COMMENT | Let us hark back to the early 1960s. Singapore, under the People’s Action Party (PAP) headed by Lee Kuan Yew (LKY), was under stress. Two crucial by-elections in Hong Lim and Anson were lost to Ong Eng Guan and David Marshall, respectively.
The left wing of PAP under Lim Chin Siong had left to form the Barisan Sosialis and LKY had to make almost weekly trips to the Federation to beg Tunku Abdul Rahman to rescue him from almost certain defeat in any next election.
But the maths did not add up. Taking in Singapore with its one million Chinese people would upset the racial equation of the Malay majority in Persekutuan Tanah Melayu.
In the meantime, Britain, effete from the disastrous World War II with its depletion of manpower and other resources, had to embark on a policy of abandoning far-flung non-strategic possessions such as Brunei, Sarawak and North Borneo - and suddenly the maths became right - there was no Chinese majority and they were all parked in the safe, friendly hands of Tunku's Federation.
The speech by Tunku in May 1961, alluding to the possibility of a larger entity called Malaysia was the culmination of intense British pressure on Tunku.
The substance was for Tunku's Federation to take in the four entities, Singapore, Brunei, Sarawak and North Borneo as additional states to the 11 already in hand; more points to the star and more stripes on the Malayan flag and this was all to happen on Aug 31, 1963.
A few slips happened in the process. Brunei, with its autocratic sultan, opted to stay out, using the excuse that he must become the Agong as primus inter pares. LKY feverishly made preparations and outplayed the startled Barisan Sosialis out with his merger referendum.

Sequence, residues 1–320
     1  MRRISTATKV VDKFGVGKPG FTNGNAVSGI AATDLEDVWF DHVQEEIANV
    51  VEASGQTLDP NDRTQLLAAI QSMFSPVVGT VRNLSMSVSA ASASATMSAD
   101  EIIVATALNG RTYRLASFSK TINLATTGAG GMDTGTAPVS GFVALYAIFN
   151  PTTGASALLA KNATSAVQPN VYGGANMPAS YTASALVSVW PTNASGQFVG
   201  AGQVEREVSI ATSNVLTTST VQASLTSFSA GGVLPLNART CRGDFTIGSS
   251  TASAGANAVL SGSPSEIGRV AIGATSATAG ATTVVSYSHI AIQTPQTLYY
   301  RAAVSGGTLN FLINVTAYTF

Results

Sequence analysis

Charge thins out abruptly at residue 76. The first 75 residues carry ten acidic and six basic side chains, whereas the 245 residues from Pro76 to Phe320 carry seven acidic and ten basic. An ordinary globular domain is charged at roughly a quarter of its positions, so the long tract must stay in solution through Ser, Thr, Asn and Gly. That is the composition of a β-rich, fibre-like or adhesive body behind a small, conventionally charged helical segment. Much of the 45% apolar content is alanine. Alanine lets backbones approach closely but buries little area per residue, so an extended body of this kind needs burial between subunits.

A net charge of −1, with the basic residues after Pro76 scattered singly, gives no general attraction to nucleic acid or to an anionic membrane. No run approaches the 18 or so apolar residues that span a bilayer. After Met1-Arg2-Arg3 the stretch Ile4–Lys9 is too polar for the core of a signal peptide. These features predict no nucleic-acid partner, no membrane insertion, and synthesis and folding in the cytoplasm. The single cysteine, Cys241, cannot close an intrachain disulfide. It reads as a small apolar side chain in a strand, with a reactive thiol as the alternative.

The two backward states of Sarawak and North Borneo were quickly put on the fast track with self-rule (a period of limited autonomy before the umbilical cord to Whitehall is severed).
Not equals, certainly
Certainly, transitional provisions were agreed upon, such as control over immigration to safeguard locals from being overwhelmed by the more progressive people from Singapore and Malaya... and this self-same provision was subsequently shamelessly misused and abused to prevent the entry of politicians deemed unfriendly to the powers-that-be.
Whatever the form, the substance was for the Federation of Malaya to take in Singapore, Sarawak and North Borneo as additional states to the 11 already in hand and resolutions were passed in the various legislative assemblies for the union to happen coterminously on Aug 31, 1963.
In the meantime, President Sukarno (photo) of neighbouring Indonesia threw in a spanner, labelling the union as "neo-colonialism".
To appease him, a UN-sponsored task force was charged to ascertain the wishes of the people of Sarawak and North Borneo (Singapore had answered loud and clear through the 1962 merger referendum that they agree for Singapore to join the Federation as another state, with certain provisos like having four official languages and autonomy in education and labour issues).
Thus it can be seen that Singapore, Sarawak and North Borneo needed Malaya more than Malaya needed them. Tunku was arm-twisted to accept the additional responsibilities; of course, there was always the threat of withdrawing the Commonwealth Armed Forces to bring Tunku in line.
So it pains me to hear every year that Sarawak, and now Sabah, “... joined Malaysia as equal partners with the Federation of Malaya". This is untrue. In fact, in 1963, the Federation of Malaya was already a six-year-old member of the United Nations.
Another thing that pains me every year is the rejection of Aug 31 as National Day. The intended date for the formation of Malaysia was Aug 31, 1963, but for the postponement to allow the UN to complete its fact-finding task to ascertain the views of the people of Sarawak and North Borneo, Sept 16 would have been moot.
Be that as it may, after Alaska and Hawaii joined the US in 1959, they celebrated their Independence Day on July 4 like the other 48 states.
Why can't Sarawak and Sabah do likewise on Aug 31?
Merdeka! Merdeka! Merdeka! Merdeka! Merdeka! Merdeka! Merdeka!
YAP YOK FOO is a retired chartered accountant and author of Grandfather Stories.
The views expressed here are those of the author/contributor and do not necessarily represent the views of Malaysiakini.